Paul supports abolishing all federal financial aid for education. He sought to abolish all public schools (although he later moderated that position). He supports prayer in public schools.

Public schools prepare students for the knowledge jobs of the 21st Century and allow working people to move up in society. Public schools and the separation of church and state are critical to our “melting pot” culture.

Paul supports all corporations having the same rights to participate in elections.

He voted against anti-spam bills and bills to help catch online child predators.

He opposes gun control.
He supports selling off national parks.

He opposes federal environmental regulation, including air standards.
Paul said that climate change “is not a major problem threatening civilization.”

Paul would not have ordered the raid that killed Osama bin Laden.

These are extreme positions, out of sync with common sense and the view of most Americans.

Inconsistent policies of Ron Paul

Paul opposes budget deficits, but he requested $400 million in earmarks for his district in 2007.

Paul has signed a pledge not to raise taxes or create new taxes.

But every serious economist agrees that we can’t eliminate deficits without increased taxes.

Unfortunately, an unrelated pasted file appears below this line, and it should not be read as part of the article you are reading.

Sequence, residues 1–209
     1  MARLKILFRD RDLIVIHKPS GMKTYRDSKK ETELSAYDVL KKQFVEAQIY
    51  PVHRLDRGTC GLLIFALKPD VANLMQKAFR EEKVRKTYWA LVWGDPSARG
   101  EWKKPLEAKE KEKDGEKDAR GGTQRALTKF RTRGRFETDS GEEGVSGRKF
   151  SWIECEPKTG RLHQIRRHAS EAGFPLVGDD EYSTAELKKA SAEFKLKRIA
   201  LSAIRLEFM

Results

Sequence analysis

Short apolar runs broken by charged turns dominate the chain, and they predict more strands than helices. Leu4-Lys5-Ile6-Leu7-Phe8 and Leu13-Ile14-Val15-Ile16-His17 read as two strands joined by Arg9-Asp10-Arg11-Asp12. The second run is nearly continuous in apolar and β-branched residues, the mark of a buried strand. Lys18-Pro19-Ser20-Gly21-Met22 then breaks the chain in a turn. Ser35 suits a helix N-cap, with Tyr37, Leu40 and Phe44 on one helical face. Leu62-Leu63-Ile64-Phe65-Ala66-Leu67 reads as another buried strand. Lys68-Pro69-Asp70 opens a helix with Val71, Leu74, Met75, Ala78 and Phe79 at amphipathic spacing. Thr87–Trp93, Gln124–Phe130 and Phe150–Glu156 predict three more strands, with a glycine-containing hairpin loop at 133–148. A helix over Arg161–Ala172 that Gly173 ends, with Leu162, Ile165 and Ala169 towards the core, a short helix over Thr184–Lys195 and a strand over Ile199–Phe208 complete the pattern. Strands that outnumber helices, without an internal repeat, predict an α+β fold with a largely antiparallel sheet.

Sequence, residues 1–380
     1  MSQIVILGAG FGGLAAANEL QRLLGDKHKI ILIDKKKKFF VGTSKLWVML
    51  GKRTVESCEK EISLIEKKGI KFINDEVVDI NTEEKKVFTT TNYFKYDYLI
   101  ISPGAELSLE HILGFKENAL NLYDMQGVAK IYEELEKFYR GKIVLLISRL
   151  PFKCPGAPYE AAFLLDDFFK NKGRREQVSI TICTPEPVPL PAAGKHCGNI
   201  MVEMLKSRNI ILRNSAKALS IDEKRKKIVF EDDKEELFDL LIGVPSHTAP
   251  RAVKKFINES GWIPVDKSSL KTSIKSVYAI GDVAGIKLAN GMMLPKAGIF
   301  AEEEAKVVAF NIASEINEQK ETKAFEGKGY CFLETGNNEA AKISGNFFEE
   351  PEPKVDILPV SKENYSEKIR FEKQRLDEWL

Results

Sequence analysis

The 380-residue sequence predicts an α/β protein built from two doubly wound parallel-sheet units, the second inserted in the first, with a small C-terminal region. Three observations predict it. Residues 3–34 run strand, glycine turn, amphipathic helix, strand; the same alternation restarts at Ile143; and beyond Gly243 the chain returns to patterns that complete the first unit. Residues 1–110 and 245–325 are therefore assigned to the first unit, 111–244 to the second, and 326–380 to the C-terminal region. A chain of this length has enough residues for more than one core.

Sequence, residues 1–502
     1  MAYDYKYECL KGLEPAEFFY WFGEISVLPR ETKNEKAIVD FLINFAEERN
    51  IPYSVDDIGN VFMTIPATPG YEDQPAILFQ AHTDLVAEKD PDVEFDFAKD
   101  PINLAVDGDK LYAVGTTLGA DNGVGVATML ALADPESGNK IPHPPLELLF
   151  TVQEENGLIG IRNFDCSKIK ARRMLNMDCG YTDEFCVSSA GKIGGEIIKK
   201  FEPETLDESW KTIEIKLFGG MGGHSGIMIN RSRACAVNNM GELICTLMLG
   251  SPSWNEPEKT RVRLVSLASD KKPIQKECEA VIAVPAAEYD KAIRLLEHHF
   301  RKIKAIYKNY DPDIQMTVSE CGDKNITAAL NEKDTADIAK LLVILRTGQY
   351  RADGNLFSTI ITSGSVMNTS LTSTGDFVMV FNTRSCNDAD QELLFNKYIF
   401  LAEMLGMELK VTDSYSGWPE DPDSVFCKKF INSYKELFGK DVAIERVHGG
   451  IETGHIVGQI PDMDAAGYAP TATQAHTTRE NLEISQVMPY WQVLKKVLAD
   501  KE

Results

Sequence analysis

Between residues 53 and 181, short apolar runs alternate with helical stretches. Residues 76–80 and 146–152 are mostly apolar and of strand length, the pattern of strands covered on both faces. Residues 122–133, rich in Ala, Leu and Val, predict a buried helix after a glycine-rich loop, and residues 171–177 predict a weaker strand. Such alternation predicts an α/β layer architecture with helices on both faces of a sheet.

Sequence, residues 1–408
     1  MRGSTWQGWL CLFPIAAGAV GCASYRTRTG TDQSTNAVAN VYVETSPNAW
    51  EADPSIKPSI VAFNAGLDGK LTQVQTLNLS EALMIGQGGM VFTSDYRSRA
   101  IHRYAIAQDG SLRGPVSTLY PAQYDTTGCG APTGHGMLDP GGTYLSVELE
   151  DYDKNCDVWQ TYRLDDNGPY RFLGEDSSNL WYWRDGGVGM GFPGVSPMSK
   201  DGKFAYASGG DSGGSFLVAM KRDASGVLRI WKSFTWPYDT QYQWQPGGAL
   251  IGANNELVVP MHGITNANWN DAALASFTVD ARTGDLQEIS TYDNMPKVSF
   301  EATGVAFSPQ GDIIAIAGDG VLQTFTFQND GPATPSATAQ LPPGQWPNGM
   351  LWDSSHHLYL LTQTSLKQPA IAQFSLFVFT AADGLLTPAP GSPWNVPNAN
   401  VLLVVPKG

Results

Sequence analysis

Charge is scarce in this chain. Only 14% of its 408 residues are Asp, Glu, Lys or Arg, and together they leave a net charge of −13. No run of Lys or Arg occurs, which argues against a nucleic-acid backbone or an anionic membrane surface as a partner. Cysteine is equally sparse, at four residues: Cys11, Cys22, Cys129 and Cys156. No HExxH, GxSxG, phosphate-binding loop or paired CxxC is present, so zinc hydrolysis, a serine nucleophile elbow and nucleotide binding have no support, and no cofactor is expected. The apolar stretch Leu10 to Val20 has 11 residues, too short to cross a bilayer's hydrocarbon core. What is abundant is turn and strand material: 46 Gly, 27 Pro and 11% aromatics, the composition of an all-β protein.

Paul supports the Defense of Marriage Act and sponsored federal anti-abortion legislation.

These positions are inconsistent with Paul’s claim to be for smaller government that only does what the Constitution requires.

Paul has called for a Constitutional amendment to revise fourteenth amendment principles and “end automatic birthright citizenship.”

So much for following the Constitution.

Issues where I think Ron Paul is right

Paul would cut the Department of Defense budget by 15%.

Paul opposed the Patriot Act and domestic surveillance.

Paul voted to repeal “Don’t Ask, Don’t Tell.”

Paul opposed legislation to prohibit stem-cell research.

Paul has voted against federal subsidies for the oil and gas industry.

Paul favors allowing medicinal marijuana use.

Paul opposed the Iraq War.

Paul advocates ending the United States embargo against Cuba.

Following an abstract ideology sometimes leads to good decisions. But it’s more likely to lead to disaster.

We need (and have) a President who will consider all options, not just those that fit a simplistic, utopian ideal.